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I recently thought it would be a good idea to switch from the old (deprecated) functionality that OpenGL provides, such as matrix operations and the fixed function pipeline.

I am using GLM as my matrix library to simplify things a bit. The problem is that it may have caused more problems than it simplified...

Perspective projections worked fine with my shaders and setup, but when I tried to switch to orthogonal, everything broke down. My points and simple quads wouldn't display. When I used the old OpenGL matrices, things started working again.

I narrowed it all down to the projection matrix. Here is how I called it:

glm::mat4 projMat = glm::ortho( 0, 400, 0, 400, -1, 1 );

I compared that to the one supplied by opengl once this is called"

glOrtho( 0, 400, 0, 400, -1, 1 );

The only differences are the [0][0] element and [1][1] element (which, as far as I know, be equal to "2/width" and "2/height", respectively). From the OpenGL matrix, the values were exactly that! On the glm matrix, though, the values were 0.

Once I manually switched the values from the glm matrix after I called glm::ortho, everything was working again!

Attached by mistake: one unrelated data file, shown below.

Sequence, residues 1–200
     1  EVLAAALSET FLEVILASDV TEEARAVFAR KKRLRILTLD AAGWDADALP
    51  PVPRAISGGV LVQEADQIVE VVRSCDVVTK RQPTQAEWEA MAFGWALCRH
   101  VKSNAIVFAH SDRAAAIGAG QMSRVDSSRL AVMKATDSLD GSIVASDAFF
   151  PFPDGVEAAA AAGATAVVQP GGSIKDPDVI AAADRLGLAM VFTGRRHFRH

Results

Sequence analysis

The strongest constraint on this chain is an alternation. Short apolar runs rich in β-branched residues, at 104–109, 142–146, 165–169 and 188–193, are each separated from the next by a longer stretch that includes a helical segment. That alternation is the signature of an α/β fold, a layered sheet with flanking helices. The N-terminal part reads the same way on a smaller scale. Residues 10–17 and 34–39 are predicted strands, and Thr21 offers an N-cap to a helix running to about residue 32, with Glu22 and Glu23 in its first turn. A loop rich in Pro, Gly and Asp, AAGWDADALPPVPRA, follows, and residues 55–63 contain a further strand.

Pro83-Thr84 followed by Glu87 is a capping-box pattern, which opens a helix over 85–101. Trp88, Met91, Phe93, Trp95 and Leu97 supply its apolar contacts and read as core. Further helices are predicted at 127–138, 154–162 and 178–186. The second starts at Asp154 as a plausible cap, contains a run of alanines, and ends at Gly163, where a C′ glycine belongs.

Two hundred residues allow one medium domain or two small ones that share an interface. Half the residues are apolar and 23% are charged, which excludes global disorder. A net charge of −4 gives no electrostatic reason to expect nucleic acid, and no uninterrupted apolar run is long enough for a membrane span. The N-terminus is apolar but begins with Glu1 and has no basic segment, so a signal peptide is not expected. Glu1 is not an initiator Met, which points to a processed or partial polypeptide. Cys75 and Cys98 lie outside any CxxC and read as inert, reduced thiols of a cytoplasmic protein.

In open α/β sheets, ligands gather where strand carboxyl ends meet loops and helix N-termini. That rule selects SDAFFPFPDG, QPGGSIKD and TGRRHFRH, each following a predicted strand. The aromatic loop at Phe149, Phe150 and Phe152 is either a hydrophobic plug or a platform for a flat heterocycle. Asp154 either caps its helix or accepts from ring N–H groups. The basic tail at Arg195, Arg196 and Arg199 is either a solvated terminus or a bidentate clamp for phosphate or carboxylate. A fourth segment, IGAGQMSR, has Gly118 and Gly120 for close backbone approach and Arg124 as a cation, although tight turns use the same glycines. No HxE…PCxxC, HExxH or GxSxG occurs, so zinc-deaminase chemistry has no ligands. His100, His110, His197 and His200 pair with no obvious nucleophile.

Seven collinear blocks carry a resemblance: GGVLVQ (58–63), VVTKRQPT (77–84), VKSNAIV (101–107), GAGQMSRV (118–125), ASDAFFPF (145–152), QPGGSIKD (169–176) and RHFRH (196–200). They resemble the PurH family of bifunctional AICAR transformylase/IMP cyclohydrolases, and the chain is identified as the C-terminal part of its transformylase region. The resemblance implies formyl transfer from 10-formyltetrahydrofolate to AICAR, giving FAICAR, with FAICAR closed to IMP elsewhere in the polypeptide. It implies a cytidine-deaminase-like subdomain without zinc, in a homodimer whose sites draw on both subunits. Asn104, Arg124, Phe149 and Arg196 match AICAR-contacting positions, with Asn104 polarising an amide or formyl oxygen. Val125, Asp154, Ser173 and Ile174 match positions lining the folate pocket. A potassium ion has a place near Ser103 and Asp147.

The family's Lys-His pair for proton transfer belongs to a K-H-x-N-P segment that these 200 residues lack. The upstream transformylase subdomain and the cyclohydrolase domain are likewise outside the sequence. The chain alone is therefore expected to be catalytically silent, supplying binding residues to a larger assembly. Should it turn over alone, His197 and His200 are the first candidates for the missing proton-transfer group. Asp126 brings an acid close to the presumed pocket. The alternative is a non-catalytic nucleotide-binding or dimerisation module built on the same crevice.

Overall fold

So my question: is the glm::ortho() function really broken, or am I just using it wrong?

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1 Answer 1

up vote 22 down vote accepted

It doesn't appear that it should be broken from the source code (v 0.9.3.4)

template <typename valType> 
GLM_FUNC_QUALIFIER detail::tmat4x4<valType> ortho
(
    valType const & left, 
    valType const & right, 
    valType const & bottom, 
    valType const & top, 
    valType const & zNear, 
    valType const & zFar
)
{
    detail::tmat4x4<valType> Result(1);
    Result[0][0] = valType(2) / (right - left);
    Result[1][1] = valType(2) / (top - bottom);
    Result[2][2] = - valType(2) / (zFar - zNear);
    Result[3][0] = - (right + left) / (right - left);
    Result[3][1] = - (top + bottom) / (top - bottom);
    Result[3][2] = - (zFar + zNear) / (zFar - zNear);
    return Result;
}

My only thought is that this template might be creating a matrix of integers (as you've passed all ints to the function), and thus doing integer division instead of floating point. Can you try appending .f to all your parameters?

glm::mat4 projMat = glm::ortho( 0.f, 400.f, 0.f, 400.f, -1.f, 1.f );

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4  
Wow, you were spot on! After changing my parameters to floats, everything worked out. Thank you for clearing this up :) –  Jamie Syme Sep 1 '12 at 19:24

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